Is the number $\sum_{n=1}^\infty \frac{1}{2^{n^2}}$ known to be transcendental?
Is there a survey with up-to-date transcendence results?
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Sign up to join this communityIs the number $\sum_{n=1}^\infty \frac{1}{2^{n^2}}$ known to be transcendental?
Is there a survey with up-to-date transcendence results?
I have checked with Introduction to Algebraic Independence Theory, where it is mentioned in the preface (p. V) that
D. Bertrand and independently D. Duverney, Ke. Nishioka, Ku. Nishioka, I. Shiokawa (DNNS) deduced results on algebraic independence of the values of theta-functions at algebraic points and in particular derived the transcendence of the sums $\sum_{n=1}^\infty q^{n^2}$ for any algebraic $q$ satisfying $0 < |q| < 1$.
The precise references are not given but a little googling turned up the paper by D. Bertrand, "Theta Functions and Transcendence", The Ramanujan Journal, Vol. 1 (1997), pp. 339-350, which seems to be relevant. The second reference is DNNS, "Transcendence of Jacobi's theta series", Proc. Japan Acad. Ser. A Math. Sci., Vol. 72 (1996), pp. 202-203.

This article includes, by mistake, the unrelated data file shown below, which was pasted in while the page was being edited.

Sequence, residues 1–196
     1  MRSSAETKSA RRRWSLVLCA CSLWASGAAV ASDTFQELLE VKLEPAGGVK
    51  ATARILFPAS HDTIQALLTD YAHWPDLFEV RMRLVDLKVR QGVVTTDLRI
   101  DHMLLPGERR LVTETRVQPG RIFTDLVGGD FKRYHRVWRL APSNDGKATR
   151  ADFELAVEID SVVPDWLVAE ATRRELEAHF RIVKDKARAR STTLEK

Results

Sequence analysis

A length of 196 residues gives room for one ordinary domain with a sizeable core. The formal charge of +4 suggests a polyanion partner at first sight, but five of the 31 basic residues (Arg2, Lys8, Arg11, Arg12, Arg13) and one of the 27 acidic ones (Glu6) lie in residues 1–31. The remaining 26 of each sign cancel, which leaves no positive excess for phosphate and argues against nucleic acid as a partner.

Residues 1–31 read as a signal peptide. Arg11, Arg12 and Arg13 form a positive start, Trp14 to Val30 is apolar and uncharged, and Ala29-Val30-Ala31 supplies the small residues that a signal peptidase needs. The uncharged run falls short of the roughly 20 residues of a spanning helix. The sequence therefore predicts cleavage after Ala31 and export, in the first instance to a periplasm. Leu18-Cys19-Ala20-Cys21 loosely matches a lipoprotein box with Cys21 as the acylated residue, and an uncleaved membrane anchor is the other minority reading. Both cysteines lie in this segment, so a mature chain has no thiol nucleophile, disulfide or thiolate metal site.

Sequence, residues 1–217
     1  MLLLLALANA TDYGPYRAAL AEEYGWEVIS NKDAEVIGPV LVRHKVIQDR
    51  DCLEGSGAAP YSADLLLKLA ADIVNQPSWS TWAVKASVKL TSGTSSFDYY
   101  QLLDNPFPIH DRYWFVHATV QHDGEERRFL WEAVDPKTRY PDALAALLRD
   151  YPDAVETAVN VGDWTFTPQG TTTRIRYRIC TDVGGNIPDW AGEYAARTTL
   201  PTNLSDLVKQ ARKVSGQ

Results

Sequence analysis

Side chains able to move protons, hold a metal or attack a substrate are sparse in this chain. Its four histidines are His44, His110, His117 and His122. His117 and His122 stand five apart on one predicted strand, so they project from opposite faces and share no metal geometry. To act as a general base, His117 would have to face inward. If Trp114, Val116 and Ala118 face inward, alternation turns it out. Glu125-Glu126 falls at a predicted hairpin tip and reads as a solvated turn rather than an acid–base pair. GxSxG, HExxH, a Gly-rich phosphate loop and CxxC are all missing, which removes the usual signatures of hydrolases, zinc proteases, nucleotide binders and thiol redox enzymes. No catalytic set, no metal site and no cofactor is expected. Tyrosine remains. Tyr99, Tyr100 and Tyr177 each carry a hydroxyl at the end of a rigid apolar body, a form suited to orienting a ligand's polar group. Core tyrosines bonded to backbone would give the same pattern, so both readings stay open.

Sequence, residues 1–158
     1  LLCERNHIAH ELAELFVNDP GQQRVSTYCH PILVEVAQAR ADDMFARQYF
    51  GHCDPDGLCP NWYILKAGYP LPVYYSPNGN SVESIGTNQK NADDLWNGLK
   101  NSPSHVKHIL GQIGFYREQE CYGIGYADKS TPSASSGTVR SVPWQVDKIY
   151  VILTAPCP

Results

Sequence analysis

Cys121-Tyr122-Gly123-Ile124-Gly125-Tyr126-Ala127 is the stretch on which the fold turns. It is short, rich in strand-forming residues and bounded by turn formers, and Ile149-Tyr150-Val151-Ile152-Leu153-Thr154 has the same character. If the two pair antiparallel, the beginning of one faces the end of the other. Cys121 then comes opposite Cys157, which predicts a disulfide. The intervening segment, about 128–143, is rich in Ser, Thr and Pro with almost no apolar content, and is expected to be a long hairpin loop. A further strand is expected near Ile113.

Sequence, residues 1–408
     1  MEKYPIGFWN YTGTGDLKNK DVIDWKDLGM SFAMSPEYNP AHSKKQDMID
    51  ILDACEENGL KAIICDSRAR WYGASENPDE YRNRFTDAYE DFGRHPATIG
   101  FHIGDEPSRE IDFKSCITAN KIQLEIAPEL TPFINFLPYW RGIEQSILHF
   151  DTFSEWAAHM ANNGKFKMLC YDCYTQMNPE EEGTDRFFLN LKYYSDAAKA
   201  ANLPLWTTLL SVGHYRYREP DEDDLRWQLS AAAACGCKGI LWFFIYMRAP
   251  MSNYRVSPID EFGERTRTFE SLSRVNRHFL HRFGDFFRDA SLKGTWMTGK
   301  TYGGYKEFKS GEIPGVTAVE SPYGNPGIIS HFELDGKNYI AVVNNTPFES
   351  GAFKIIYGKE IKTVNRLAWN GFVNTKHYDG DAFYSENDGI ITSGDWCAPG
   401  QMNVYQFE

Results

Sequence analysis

There is a family of functions called theta-functions. One of them - I think the standard notation for it might be $\theta_3$ - is given by $\theta_3(z)=\sum z^{n^2}$, so (modulo any mistakes in the definition I've given) your number is $\theta_3(1/2)$. Now the theta-functions are very well-studied, and I suspect there is a lot of information out there about the transcendence of their values at rational arguments. So I've given you a keyword to aid your searches.